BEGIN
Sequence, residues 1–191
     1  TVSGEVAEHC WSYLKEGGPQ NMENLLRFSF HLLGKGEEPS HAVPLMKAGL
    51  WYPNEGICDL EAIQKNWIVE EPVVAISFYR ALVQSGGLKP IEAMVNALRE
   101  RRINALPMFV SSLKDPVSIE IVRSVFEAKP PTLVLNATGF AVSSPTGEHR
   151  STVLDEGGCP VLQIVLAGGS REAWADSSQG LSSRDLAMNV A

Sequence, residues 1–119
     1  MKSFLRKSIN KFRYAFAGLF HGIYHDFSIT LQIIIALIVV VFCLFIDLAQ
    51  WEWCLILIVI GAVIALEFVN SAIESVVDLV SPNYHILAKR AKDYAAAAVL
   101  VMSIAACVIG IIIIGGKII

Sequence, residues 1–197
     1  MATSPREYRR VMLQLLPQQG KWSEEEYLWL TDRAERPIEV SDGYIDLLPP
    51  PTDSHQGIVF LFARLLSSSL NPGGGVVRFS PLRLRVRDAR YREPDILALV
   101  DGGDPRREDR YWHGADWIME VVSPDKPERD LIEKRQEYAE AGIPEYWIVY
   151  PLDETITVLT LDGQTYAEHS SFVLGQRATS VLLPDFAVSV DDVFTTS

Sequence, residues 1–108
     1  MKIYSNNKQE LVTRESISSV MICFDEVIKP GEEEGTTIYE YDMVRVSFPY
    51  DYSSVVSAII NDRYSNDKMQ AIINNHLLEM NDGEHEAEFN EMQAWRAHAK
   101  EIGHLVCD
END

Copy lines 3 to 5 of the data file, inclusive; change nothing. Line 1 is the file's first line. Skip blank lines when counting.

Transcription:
    51  WYPNEGICDL EAIQKNWIVE EPVVAISFYR ALVQSGGLKP IEAMVNALRE
   101  RRINALPMFV SSLKDPVSIE IVRSVFEAKP PTLVLNATGF AVSSPTGEHR
   151  STVLDEGGCP VLQIVLAGGS REAWADSSQG LSSRDLAMNV A